Many companies featured on Money advertise with us. Opinions are our own, but compensation and
in-depth research may determine where and how companies appear. Learn more about how we make money.

Published: Dec 02, 2015 4 min read
Illustration by Chi Birmingham

As a brand-new mom, I'm realizing how easy it is to fall into the trap of overindulging my daughter, Toby. My challenge: I don't want to refrain from gift-giving altogether, but I want to raise her to appreciate presents, not expect them.

As founder of a company that promotes smart financial decisions, I also want to practice what I preach. Not all gifts need to offer a teaching moment, but I've been looking for ideas that are affordable and meaningful, and that encourage children to appreciate what they've been given. Here are a few I've come up with.

• Give memories. Research has shown repeatedly that spending money on "stuff" doesn't make us any happier. I love treating younger kids (as young as 3 or 4) to a show or kid-friendly exhibition. Make it special: Let them unwrap a related picture or inexpensive toy, and take a photo on site that you can frame and keep.

Another option is sentimental gifts. Someone suggested that I write my daughter a letter every time I have to be away from her because of my job. I've now set up an email account for her, and I send my notes there, so she can open and read them later. I hope they'll mean more to her over time than any toy I might buy.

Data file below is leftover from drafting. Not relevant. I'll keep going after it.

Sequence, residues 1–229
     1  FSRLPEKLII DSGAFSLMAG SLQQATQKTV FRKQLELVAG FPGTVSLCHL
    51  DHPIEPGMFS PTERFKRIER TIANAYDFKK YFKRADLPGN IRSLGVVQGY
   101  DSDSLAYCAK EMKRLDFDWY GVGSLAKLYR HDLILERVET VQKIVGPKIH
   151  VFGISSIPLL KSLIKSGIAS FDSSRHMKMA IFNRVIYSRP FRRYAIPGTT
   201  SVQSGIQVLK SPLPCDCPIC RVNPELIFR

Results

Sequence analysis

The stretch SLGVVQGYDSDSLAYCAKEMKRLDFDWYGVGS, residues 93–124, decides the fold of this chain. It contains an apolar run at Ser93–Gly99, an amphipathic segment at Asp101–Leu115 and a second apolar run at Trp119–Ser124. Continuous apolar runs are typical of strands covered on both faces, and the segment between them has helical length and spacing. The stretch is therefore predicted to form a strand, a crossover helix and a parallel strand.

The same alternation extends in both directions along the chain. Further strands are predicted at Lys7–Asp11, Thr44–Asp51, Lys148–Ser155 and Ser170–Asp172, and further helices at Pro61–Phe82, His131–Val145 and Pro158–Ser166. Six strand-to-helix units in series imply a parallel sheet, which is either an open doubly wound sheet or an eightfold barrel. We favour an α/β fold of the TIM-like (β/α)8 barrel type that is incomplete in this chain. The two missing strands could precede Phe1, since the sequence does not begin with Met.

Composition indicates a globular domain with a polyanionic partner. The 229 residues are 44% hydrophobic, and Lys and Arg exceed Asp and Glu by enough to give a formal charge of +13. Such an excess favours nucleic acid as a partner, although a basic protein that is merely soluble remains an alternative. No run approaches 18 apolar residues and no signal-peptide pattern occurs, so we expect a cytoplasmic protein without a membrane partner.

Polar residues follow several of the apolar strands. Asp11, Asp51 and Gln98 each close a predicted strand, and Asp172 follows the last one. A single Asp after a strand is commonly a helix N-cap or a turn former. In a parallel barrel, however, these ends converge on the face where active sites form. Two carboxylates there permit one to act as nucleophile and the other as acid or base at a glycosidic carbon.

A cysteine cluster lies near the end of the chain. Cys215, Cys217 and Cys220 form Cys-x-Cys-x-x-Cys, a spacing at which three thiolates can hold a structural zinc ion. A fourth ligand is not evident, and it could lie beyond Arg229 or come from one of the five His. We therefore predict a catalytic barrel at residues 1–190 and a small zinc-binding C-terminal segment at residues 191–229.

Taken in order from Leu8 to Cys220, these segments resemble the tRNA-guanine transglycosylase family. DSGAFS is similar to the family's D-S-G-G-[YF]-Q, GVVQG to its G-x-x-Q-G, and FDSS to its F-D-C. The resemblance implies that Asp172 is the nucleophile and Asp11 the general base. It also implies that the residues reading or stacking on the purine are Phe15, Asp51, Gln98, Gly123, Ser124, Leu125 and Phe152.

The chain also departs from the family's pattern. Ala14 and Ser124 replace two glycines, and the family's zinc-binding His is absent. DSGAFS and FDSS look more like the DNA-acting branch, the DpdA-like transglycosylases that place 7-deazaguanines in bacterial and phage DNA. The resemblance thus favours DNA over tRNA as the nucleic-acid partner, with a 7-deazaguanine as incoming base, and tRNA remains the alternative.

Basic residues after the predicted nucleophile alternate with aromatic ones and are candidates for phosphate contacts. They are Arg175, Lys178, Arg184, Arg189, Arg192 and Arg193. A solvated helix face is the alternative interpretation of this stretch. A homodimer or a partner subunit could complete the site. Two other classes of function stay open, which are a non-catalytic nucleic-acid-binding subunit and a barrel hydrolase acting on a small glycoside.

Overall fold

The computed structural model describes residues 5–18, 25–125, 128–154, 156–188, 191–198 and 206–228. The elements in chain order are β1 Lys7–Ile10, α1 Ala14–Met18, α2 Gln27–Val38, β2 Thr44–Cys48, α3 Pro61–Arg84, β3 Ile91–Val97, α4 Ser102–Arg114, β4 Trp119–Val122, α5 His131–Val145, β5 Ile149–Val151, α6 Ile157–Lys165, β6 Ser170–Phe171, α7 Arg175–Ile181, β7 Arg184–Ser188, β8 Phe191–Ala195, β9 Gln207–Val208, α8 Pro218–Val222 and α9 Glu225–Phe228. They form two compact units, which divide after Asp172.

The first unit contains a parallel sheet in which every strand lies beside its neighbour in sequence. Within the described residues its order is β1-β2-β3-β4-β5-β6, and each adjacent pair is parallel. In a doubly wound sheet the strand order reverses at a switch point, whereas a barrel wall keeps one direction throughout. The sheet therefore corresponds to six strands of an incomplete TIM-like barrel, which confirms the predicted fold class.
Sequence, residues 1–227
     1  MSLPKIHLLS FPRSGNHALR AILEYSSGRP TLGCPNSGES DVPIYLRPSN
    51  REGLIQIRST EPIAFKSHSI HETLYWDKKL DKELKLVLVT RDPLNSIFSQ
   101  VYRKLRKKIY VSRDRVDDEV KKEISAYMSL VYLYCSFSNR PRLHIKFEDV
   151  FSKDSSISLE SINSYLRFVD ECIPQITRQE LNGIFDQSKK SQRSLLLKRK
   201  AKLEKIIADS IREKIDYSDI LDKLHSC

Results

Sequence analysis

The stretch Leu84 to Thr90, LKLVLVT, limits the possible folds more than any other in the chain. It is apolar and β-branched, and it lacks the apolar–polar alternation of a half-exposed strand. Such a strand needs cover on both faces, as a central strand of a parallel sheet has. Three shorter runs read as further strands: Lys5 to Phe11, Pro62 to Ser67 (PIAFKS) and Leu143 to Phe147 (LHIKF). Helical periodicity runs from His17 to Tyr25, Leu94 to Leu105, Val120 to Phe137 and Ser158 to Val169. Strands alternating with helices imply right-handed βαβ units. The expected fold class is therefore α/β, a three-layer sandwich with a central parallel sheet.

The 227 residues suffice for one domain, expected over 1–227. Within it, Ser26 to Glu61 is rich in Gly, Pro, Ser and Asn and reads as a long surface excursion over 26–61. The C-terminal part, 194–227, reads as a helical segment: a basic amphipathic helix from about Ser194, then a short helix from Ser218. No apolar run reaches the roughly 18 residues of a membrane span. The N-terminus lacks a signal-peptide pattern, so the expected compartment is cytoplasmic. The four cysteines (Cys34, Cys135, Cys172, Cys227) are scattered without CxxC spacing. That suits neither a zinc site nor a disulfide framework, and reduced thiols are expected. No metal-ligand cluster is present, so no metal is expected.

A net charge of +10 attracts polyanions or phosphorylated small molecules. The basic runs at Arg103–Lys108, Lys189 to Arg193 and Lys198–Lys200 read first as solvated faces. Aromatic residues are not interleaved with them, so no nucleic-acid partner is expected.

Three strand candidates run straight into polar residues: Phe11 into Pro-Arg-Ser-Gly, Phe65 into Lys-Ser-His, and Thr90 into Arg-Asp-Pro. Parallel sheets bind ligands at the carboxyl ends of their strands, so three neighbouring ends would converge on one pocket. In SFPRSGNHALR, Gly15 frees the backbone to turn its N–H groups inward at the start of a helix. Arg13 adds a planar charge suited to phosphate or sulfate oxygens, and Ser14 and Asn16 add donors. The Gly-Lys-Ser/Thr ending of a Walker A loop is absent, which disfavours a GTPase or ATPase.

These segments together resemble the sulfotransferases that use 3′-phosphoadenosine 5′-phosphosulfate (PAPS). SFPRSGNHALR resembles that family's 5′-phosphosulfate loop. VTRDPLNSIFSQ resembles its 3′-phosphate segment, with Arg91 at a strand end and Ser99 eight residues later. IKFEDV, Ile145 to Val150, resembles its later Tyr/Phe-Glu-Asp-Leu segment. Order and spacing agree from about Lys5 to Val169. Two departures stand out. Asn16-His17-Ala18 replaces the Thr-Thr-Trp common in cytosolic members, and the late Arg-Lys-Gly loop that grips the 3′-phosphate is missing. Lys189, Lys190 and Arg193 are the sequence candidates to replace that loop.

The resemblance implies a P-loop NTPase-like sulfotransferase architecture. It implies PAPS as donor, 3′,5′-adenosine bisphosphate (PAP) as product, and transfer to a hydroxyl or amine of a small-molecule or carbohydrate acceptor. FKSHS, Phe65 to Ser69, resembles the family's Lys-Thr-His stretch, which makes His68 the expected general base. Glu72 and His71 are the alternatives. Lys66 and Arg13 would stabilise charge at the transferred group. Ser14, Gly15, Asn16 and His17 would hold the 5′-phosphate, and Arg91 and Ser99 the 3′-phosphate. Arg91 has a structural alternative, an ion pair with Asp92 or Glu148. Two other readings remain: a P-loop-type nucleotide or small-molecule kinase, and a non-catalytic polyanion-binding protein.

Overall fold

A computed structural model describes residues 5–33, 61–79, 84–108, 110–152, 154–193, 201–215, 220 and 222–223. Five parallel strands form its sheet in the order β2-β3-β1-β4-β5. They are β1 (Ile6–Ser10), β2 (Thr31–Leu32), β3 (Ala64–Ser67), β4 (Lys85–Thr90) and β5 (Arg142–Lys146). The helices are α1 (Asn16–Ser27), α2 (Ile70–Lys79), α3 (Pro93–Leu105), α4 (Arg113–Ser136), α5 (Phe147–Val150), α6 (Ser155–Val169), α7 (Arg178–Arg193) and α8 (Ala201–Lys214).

• Give patience. Back in the 1960s, a Stanford University researcher posed a "marshmallow test" for children aged 3 to 5. That study (and its follow-ups) found those who could delay gratification—who could refrain from eating a marshmallow immediately in order to earn more later—were healthier and more successful through high school and as adults.

One way to teach that skill to school-age children is to offer money, instead of specific items, but impose some rules: 20% can be spent immediately, however they choose; 30% should be saved up and spent in a year; and the other 50% should go toward their long-term future (in a savings or 529 account).

My husband and I also use my daughter's college fund to keep family members on message. Since 529s can accept third-party contributions, we ask relatives and friends to give there in lieu of big presents.

• Give generosity. A good friend recently told me that her grandfather gave her a birthday check every year to donate to a charity of her choice. That's an idea I love for older kids (though I'll probably do it in addition to a gift, not instead of one, as her grandfather did). It's another way to involve kids in the decision-making.

For younger kids, take them to a toy store to let them pick out—and then go home and wrap—a toy to be given to a local charity.

Columnist Alexa von Tobel is the founder of LearnVest.